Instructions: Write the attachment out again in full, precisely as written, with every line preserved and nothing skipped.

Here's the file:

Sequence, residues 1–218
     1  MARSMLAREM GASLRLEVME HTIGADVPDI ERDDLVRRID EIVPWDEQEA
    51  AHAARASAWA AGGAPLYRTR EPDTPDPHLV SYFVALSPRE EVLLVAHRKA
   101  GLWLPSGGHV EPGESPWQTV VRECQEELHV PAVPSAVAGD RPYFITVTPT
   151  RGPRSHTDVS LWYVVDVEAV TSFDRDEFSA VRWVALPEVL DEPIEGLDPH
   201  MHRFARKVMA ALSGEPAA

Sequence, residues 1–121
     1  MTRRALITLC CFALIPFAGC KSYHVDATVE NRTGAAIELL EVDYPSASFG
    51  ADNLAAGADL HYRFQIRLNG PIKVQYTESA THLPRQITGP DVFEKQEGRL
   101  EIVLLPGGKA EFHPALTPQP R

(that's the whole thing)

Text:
Sequence, residues 1–218
     1  MARSMLAREM GASLRLEVME HTIGADVPDI ERDDLVRRID EIVPWDEQEA
    51  AHAARASAWA AGGAPLYRTR EPDTPDPHLV SYFVALSPRE EVLLVAHRKA
   101  GLWLPSGGHV EPGESPWQTV VRECQEELHV PAVPSAVAGD RPYFITVTPT
   151  RGPRSHTDVS LWYVVDVEAV TSFDRDEFSA VRWVALPEVL DEPIEGLDPH
   201  MHRFARKVMA ALSGEPAA

Sequence, residues 1–121
     1  MTRRALITLC CFALIPFAGC KSYHVDATVE NRTGAAIELL EVDYPSASFG
    51  ADNLAAGADL HYRFQIRLNG PIKVQYTESA THLPRQITGP DVFEKQEGRL
   101  EIVLLPGGKA EFHPALTPQP R